Calling the tax breaks and voucher spending "a new entitlement program that we don't need," Burke said at a luncheon hosted by the political website wispolitics.com that the state should not be subsidizing with taxpayer money the choice parents make to send their children to private school.
"I respect people's choice in making that (decision), but I don't think we should be subsidizing that choice," Burke said.
Expansion of the program was one of the top priorities of Republican Gov. Scott Walker last year. Walker proposed, and the Republican-controlled Legislature agreed, with increasing the voucher program outside of Milwaukee and Racine where it operated previously.
Burke, who is a member of the Madison school board, has made her opposition to vouchers a central part of her campaign taking on Walker as he runs for re-election.
Walker campaign spokeswoman Alleigh Marre said in an email that the governor "believes every child, regardless of ZIP Code, deserves access to a great education, and parents should have the right to choose the best educational environment for their children, whether it's a public, private, charter, or home school."
Burke, a former Trek Bicycle Corp. executive and state Commerce Department secretary, said the voucher program is one of several budget cuts she would make if elected.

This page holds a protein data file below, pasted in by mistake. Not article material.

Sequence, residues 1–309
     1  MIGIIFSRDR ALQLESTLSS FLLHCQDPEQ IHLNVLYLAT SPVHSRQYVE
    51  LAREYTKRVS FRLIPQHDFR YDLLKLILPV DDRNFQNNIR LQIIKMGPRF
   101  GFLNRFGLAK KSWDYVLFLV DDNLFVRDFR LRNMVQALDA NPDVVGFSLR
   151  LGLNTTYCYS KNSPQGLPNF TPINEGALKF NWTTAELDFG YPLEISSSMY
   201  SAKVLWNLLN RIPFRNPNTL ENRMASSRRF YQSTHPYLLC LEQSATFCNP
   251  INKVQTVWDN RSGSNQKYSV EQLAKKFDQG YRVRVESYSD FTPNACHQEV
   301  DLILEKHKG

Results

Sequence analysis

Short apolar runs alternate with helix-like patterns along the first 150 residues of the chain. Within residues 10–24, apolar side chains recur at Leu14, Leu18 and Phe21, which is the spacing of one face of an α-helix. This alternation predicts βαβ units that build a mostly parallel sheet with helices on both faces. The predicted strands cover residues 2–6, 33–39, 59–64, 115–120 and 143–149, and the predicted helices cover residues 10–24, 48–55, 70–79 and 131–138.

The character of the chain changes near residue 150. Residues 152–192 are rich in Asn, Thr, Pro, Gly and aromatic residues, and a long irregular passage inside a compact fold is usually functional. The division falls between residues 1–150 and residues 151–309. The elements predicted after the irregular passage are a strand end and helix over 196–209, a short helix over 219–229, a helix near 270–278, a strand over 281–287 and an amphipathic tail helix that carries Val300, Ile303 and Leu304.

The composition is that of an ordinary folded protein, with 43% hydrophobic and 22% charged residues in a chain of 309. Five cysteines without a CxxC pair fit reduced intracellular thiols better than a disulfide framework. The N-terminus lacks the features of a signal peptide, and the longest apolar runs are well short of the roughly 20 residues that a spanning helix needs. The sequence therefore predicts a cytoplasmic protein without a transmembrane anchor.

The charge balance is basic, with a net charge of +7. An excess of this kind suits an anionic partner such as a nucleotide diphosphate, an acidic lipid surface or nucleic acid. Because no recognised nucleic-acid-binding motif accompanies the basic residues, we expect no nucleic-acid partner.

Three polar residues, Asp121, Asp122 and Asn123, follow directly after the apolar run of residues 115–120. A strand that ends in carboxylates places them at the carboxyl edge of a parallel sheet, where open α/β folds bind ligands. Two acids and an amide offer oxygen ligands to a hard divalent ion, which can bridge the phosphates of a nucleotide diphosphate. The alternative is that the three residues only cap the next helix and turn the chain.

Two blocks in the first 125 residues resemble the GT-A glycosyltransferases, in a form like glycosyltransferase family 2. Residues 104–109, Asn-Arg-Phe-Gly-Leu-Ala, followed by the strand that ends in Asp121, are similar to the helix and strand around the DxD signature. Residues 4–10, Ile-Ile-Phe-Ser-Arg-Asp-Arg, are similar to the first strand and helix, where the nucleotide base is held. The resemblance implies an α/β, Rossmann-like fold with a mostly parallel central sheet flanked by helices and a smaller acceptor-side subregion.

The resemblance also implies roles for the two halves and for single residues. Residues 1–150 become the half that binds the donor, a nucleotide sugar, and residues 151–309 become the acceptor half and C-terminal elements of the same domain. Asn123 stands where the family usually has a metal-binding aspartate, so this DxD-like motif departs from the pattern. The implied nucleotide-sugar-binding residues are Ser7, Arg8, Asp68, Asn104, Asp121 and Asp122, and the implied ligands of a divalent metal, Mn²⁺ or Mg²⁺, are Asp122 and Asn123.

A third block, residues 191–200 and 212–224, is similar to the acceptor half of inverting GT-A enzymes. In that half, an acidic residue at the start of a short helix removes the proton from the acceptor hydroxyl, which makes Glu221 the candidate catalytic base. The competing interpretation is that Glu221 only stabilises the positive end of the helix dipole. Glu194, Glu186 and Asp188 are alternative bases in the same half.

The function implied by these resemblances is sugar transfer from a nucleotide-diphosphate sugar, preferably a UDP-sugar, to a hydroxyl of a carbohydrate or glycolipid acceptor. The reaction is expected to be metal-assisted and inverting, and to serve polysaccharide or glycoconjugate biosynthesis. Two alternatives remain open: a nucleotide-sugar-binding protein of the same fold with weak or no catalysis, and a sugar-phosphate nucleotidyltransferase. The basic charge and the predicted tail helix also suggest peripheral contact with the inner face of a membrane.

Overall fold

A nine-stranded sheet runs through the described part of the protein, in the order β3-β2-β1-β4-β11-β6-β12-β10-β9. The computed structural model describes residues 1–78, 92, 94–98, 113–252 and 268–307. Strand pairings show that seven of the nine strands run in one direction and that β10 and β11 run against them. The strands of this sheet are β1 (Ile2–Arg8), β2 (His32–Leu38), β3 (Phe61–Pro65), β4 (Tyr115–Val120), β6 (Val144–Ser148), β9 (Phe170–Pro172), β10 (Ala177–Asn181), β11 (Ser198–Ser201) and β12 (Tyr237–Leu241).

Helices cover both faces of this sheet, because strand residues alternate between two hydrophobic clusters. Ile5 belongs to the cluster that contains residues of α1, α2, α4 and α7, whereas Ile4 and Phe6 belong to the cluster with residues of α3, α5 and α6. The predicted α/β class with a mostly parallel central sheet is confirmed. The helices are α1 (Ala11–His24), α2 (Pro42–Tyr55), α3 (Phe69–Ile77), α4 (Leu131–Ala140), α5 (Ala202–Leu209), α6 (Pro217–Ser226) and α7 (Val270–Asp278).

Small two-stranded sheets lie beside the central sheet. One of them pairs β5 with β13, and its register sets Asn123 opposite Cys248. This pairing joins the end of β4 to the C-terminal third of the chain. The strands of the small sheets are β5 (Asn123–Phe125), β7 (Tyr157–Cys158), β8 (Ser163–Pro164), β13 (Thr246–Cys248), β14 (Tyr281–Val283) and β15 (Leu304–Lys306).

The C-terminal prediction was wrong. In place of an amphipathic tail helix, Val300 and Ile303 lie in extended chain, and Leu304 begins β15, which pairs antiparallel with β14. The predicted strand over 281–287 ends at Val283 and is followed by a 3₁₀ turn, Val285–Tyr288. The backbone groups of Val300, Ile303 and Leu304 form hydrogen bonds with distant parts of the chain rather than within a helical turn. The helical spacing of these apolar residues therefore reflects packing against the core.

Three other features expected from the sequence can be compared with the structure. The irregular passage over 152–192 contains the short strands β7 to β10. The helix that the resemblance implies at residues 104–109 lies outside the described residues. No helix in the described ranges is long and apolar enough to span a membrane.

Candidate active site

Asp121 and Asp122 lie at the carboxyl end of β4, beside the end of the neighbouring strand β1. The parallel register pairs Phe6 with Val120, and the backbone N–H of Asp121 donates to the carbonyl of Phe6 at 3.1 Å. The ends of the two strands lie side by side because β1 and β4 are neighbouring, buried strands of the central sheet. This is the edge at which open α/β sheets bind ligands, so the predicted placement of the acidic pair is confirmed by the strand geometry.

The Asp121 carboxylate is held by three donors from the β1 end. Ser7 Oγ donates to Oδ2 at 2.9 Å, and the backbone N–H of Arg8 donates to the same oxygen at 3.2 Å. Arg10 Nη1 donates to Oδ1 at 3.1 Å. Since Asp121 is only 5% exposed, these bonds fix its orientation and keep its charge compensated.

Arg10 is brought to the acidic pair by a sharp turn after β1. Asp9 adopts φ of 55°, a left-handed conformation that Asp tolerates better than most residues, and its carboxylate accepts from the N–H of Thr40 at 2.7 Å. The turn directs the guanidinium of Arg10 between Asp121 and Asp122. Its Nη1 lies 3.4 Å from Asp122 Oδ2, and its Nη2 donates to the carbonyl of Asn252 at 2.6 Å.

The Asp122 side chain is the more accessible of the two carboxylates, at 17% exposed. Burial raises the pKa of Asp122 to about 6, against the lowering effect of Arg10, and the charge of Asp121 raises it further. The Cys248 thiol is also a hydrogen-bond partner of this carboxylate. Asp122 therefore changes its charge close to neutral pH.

In addition to spending $10.7 million on the voucher expansion, the budget Walker signed last year also created a new $30 million tax deduction for private school tuition.
"We have to do budget decisions that are going to grow the economy, that are going to impact us positively and I think those were two new expenditures frankly that did neither," Burke said.
On other topics, Burke said she thought the state should play a stronger role in helping a sluggish economy. Burke said a state venture capital fund and other school investments didn't go far enough to spur future economic growth.
Burke said she recently met with Kurt Bauer, president and CEO of conservative Wisconsin Manufacturers & Commerce. She said the meeting highlights her willingness to create bipartisanship in the Legislature, but didn't comment further about their talk. She said she would issue a jobs plan within a month.
She also criticized recent bills pending in the Legislature that would reduce the hours of in-person absentee voting and make other changes to election law.
"I am concerned that voter suppression is going to stop people from coming to the polls," Burke said.